Tearing down the wall that separates many Black churches from the beauty and pain of Black people
By Rev. William H. Lamar IV
Few memories stick with you as permanently as your first night in jail. It was my first night. It wasn’t his.
More about him in a moment.
Replaying it: How did I end up here? The moments leading up are dash of blur, tablespoon of reality. There were eight of us that day, human beings of faith from multiple spiritual traditions praying at the plaza of the Supreme Court. If there is any place that needs it, we figured the so-called “High Court” is that place. And, so, in lock step with that sentiment, the Supreme Court police demanded three times that we stop praying for them.
We refused. After all, this is the same court that gutted Voting Rights. The same court that equated money with speech and accorded corporations – yes, inanimate places of employment – the same status as people. That court that unleashed a cavalcade of corporate, dark money trickery into politics. The one that, just recently, gave pass on (approval to) the sophisticated practice of stealing elections by caging Black people into political dead-zones – something we’ve innocuously called “gerrymandering.”
So, we made a covenant to keep praying and bearing witness with our bodies because the court needed to do justice. It needed a reminder on its purpose and a lesson in what justice meant. That meant letting the court know that we would put our bodies in between their unjust ways and the people they were disenfranchising. Someone, something needed to stop the process of this court offering up citizens as sacrificial sheep to kleptocratic oligarchs.
We prayed. As the prayer intensified, the police grew agitated. Officers then pried us away from our prayer circle and arrested us one by one. If one sister or brother was taken away, we’d close ranks by tightening the circle and just kept praying. The circle was shrinking with each forced disappearance. And, soon, finally, the circle was no more.
The praying stopped. At least the praying that we could see and hear.
Once the circle vanished, we were spirited off into the bowels of the Supreme Court. We were arrested, booked, handcuffed, and shackled. Ironically, we were treated like terrorists by an entity that terrorizes vulnerable communities with faulty jurisprudence regularly.
I remember the rickly cold of the metal D.C. jail slab I slept on that night. If you could call it sleeping. I stayed awake to flick off roaches all night, sharing my D.C. Jail ration of Kool-Aid, stale cookies, and a nasty bologna sandwich with new insect friends. My middle-class self searched for a blanket. Nope. A pillow. Nope. I then took off my boots and made them into pillows. Wishing and praying away the damp darkness of the city jail was my only blanket.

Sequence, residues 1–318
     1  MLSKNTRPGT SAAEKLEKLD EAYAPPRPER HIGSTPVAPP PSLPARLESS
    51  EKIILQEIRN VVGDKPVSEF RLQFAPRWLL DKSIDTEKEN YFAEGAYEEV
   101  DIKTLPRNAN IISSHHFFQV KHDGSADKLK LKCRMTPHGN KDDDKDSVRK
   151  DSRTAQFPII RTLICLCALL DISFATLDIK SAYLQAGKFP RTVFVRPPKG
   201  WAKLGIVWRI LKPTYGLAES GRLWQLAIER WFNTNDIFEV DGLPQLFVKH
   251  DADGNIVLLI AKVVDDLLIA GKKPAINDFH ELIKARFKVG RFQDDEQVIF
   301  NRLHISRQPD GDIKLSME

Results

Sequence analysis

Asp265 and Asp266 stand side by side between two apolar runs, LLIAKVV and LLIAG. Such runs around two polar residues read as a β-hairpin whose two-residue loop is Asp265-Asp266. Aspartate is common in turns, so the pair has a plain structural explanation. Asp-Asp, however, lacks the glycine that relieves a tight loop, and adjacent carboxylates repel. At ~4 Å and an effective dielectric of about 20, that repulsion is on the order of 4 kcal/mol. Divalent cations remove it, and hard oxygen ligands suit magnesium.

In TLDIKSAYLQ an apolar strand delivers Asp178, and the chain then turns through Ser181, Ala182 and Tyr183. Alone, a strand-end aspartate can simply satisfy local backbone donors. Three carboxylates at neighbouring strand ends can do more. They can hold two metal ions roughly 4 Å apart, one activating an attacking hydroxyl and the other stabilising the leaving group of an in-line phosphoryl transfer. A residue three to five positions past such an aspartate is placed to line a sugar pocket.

I’ll never forget how we met. As my male clergy colleagues and I held court alone amid more than several dozen other men in the same holding area, there was a sense that we stood out. Everyone else mulled about, greeting each other with guarded smiles of familiarity and an odd flavor of reunion and barbershop-level bonding for a place like this. That’s when he caught us looking out of place.
“What y ’all motherf***ers doing in here?”
He shared his story of the previous arrest,played out many times before. Same record, but different tracks of tragedy. I didn’t ask what for. It didn’t matter. I don’t think we shared our names either. We were, simply, two Black men spending a night in jail. That seemed enough. We were all in the same place now. Waiting to speak with our lawyers and trying not to irritate jail employees.
It was about 5 a.m.
We talked. We laughed. And my dear friend and brother Rev. Graylan Scott Hagler suddenly said: “Let’s pray.” Nearly 40 of us soon joined hands in that God-forsaken place. One brother on the edges, however, grumbled on about how he “… don’t f**k with that prayer sh*t, that church sh*t.” I wasn’t offended. “I don’t blame you, man.”
We went around the circle. Some prayed. Some didn’t. Then we arrived at the nameless protagonist of my short story here. He prayed the most profound and heartfelt prayer I had heard in a long time:
“Lord, get us out of this motherf***er. Amen.”
My heart leapt and sank simultaneously.
Nothing is as immortal as an honest prayer. These are the prayers that God wants the Black church to help answer. Yet, we are so judgmental, sadly stratified along lines of class, economics and, now, social media selfies. We are so captivated by the neat pretensions of Black respectability and the illusion of manufactured affluence that we aren’t often used by God to answer these prayers. Or, maybe we can’t handle the language of these prayers.
So, that’s a damn lie.
We really don’t want to embrace the people who share these prayers. We shutter at their existence, and the thought of their permanent condition makes many of us jittery about our tenuous grip on the accoutrement of success in our modern-day Roman Empire.
I yearn for the day that brother can tour every last one of our churches and pray that same prayer. I want us to feel his deep humanity, his deep connection with God and our ancestors. I want us to know that in the end, any of us could have our humanity stripped away any second and end up as just another Black person in jail. Or worse.
We must tear down the wall that separates many Black churches from the beauty and pain of Black people victimized and traumatized by the lingering racism we live daily, and the inherent classism felt in churches every Sunday. We need to recognize the power in togetherness, the power in knowing how similar we all are. Power in knowing we have been victorious before and we can be victorious again.
To reach that goal, we must break our current state of bondage – both imposed and self-inflicted. That’s worse than jail, since we don’t even realize how handcuffed and shackled we are.
Now, let us pray. Lord, get us out of this motherf***er.